Pitchfork: That, of course, is the biggest difference between then and now: no draft. If there were a draft, would that finally get people out on the streets?
JF: Of course! I believe that's the dirty subversion that George Bush is trying to pull off in the meantime. If he keeps it quiet enough, low-key enough, he feels he can get away with it. This whole control of the media-- you never see any caskets draped with flags. You never see a plane landing with a hundred caskets on it. Why? Because they made sure, after the first month or so of the Iraq invasion, they made sure all those planes land somewhere in the middle of the night. No press is allowed to see it. There's that famous photo, probably four years ago now, of a whole room full of caskets with flags draped over them. That never happened again. They managed to clamp down on the media. Up to about a year and a half ago it was scary how quiet our media was being. That was a scary time. I was literally thinking "fascism" at the time.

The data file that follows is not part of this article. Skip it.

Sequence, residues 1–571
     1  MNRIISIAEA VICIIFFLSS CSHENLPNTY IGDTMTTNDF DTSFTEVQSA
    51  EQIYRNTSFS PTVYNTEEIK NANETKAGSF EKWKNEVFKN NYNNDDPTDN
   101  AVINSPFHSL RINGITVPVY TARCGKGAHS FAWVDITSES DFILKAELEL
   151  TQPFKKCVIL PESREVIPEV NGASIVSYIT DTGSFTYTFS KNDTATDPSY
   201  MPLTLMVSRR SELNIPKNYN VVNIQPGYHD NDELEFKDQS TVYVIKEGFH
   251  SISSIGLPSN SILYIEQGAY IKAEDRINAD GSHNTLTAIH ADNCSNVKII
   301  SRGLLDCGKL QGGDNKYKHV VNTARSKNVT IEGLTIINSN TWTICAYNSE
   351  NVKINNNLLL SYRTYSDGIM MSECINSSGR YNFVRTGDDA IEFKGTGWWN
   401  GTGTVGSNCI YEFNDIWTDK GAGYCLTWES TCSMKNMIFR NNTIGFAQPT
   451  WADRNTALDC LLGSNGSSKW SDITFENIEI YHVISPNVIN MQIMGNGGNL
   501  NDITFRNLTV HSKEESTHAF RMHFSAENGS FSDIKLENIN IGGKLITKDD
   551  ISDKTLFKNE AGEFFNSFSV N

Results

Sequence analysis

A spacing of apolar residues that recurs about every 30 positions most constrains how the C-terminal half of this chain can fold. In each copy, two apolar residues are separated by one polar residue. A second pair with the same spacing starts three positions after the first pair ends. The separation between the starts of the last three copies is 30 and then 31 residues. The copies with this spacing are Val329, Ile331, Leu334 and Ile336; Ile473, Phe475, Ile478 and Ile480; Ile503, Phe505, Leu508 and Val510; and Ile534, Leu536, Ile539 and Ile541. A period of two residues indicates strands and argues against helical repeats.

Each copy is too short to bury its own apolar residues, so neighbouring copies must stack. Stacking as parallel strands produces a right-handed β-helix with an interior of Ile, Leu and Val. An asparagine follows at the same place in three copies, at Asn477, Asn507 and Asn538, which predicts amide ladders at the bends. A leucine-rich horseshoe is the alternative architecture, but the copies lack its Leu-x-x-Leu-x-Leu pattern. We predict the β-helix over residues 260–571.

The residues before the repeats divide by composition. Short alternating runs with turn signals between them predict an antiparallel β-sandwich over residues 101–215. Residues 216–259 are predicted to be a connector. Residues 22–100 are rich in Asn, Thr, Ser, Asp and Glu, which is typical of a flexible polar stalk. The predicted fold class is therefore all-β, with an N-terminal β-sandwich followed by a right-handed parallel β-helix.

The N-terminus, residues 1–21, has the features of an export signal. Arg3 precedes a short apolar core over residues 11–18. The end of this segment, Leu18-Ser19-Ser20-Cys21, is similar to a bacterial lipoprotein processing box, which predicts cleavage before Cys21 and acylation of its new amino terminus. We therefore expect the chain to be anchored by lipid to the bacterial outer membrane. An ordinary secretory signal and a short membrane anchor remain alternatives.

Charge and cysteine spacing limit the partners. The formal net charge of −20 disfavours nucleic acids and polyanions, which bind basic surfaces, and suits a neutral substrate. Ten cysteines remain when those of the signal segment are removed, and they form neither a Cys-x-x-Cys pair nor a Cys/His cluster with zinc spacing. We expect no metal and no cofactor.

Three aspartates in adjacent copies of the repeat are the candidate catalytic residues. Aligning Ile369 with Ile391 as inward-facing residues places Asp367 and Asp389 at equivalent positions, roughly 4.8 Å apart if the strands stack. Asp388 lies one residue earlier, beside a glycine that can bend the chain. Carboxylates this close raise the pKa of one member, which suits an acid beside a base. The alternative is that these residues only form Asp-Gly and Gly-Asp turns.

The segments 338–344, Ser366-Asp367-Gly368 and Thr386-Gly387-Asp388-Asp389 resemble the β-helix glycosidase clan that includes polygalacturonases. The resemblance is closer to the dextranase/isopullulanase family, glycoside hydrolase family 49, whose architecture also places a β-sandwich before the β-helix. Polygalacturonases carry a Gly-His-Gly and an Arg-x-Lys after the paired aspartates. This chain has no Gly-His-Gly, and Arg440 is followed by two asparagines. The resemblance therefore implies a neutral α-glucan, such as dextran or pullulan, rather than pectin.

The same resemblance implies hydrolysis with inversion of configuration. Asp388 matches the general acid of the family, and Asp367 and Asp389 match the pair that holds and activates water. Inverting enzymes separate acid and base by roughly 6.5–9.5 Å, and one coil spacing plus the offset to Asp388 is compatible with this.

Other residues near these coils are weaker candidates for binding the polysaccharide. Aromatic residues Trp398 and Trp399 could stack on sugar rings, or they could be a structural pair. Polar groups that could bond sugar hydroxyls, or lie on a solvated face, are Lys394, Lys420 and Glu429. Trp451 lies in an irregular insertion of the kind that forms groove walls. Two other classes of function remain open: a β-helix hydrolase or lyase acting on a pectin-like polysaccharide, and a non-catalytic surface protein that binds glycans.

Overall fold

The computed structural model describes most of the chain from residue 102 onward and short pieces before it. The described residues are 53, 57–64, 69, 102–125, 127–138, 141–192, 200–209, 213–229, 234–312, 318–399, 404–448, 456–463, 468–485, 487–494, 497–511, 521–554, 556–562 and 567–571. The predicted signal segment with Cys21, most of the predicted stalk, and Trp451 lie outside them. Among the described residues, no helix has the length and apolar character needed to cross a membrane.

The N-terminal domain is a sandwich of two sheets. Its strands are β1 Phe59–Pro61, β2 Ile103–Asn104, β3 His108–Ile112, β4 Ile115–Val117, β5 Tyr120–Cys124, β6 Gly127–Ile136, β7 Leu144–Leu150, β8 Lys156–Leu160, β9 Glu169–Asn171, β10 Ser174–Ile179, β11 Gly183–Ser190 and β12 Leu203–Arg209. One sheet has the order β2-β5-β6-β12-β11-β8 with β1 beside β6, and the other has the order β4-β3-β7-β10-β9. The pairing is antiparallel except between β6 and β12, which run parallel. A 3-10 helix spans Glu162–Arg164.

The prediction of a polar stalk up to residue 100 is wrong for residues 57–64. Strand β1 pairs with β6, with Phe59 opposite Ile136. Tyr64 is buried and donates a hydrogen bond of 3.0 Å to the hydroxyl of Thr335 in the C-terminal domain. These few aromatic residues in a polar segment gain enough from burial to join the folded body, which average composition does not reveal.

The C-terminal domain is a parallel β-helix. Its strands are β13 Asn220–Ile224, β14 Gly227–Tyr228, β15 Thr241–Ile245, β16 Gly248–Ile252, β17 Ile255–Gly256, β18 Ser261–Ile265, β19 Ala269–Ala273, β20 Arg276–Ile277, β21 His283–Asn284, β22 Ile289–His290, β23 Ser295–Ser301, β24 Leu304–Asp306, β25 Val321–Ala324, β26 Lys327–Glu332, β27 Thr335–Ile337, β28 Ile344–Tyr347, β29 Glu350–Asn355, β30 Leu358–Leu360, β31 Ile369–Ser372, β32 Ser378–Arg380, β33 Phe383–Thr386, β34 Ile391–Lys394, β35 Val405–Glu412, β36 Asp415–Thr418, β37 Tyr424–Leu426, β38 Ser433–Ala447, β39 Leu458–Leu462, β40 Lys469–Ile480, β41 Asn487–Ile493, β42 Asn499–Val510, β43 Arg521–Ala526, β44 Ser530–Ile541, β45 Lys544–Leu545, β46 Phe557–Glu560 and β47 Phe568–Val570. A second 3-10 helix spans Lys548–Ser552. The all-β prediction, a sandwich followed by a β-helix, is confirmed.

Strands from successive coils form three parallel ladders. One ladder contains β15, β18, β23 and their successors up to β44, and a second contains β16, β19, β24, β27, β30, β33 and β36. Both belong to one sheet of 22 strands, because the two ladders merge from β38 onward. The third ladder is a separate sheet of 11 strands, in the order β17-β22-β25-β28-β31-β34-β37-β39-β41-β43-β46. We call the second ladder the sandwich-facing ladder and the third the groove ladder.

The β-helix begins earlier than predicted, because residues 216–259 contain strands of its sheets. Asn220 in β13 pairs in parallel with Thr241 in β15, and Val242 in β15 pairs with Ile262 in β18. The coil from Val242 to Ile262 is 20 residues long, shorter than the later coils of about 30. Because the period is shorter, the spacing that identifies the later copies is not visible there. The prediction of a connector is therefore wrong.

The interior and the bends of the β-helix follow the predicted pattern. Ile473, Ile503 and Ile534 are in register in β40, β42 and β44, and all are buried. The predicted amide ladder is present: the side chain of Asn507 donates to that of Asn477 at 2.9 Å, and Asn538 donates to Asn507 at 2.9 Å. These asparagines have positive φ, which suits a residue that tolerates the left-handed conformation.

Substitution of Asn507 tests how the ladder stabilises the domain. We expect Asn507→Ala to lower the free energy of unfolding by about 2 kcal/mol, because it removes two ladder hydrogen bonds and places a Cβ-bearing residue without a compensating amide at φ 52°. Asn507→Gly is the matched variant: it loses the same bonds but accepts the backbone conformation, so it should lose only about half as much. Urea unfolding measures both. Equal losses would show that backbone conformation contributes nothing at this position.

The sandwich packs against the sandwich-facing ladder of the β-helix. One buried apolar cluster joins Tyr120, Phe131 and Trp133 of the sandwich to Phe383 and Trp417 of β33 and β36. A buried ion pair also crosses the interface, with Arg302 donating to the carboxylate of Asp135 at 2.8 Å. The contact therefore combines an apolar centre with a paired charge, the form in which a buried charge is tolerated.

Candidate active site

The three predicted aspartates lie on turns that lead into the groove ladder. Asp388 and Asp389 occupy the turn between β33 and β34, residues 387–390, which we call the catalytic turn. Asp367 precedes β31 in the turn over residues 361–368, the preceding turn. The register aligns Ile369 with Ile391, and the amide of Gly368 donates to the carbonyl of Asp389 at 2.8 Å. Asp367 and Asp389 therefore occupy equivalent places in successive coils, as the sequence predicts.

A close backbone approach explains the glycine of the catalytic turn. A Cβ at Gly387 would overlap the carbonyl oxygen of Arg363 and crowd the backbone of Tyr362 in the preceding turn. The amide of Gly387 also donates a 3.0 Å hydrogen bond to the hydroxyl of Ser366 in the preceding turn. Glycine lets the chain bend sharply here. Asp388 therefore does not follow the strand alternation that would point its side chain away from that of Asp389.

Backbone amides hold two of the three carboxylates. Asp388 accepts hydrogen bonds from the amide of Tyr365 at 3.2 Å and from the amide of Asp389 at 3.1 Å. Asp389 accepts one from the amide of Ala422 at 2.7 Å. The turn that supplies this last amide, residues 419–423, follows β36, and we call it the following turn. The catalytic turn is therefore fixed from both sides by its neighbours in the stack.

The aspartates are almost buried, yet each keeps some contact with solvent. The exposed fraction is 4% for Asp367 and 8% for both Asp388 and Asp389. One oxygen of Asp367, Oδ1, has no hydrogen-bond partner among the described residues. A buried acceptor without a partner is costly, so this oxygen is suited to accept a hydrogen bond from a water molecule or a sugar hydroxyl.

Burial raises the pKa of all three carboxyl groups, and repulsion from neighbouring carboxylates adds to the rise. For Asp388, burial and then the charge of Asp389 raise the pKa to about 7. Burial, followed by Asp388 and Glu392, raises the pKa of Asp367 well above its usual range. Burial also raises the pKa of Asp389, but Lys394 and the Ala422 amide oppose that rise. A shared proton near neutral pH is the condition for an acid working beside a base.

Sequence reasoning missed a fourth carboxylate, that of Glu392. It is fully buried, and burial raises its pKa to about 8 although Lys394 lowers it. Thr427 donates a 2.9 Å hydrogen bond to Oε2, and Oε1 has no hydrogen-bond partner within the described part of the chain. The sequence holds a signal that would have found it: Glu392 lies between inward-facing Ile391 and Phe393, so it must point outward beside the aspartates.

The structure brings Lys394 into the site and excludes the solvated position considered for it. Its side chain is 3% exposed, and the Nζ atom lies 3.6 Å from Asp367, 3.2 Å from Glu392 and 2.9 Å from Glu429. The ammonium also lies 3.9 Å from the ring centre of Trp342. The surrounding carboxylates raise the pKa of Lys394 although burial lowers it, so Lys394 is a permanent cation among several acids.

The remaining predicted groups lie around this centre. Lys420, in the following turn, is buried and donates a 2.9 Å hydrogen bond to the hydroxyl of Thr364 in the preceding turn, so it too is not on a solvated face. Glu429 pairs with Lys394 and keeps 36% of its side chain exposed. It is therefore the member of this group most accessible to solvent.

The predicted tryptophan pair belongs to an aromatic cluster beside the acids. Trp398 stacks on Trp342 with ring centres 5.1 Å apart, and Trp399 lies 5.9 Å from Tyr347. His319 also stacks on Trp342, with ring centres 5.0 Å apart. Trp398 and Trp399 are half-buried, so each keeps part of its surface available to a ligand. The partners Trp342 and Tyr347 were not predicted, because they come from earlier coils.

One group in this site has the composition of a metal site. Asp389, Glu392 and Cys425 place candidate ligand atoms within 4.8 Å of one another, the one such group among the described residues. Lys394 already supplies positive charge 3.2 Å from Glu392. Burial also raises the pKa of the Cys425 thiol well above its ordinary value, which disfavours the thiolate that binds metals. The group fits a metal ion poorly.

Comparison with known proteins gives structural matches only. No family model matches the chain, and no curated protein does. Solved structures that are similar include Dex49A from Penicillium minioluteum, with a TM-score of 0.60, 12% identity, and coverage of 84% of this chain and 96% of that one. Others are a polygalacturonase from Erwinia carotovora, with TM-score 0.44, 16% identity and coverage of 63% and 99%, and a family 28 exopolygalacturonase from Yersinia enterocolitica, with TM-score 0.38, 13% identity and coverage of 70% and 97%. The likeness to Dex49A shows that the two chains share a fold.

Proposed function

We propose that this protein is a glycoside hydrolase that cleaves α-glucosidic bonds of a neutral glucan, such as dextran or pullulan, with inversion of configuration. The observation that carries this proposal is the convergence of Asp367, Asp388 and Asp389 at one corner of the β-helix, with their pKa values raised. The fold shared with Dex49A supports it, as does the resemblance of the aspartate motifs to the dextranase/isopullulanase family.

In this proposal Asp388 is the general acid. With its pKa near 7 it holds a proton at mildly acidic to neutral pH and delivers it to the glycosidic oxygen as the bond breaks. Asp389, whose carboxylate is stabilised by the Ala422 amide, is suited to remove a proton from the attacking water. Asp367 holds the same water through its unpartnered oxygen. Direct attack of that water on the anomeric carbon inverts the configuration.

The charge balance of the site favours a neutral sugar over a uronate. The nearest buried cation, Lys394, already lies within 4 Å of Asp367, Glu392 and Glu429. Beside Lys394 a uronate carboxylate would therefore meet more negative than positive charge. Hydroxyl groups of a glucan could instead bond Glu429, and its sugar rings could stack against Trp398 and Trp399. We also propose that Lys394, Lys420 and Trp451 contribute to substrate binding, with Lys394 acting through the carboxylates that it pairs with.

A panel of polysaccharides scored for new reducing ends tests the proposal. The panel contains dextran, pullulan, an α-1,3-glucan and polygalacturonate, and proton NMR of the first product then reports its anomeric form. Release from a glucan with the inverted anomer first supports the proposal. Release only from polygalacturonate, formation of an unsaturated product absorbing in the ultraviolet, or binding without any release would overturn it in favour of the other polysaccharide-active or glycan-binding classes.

Pitchfork: And given all that we know, there must be ten times as much we don't know or can't know.
JF: There you go! Exactly. I think I know about some of the lining of pockets, things like Blackwater. But those things have sort of accidentally come out. Look at the price of the war. We didn't equip our army well. We didn't go over there with body armor or good machinery or good equipment. All those billions went some pace else. That whole thing is very disturbing.
Pitchfork: We should talk a little about music, too. You famously had a string of number two hits-- five between 1969 and 1970 alone. Back then the competition was impressive, but did that rile you guys at all, to come so close but never hit number one? I'm sure there were some great songs at number one ahead of you.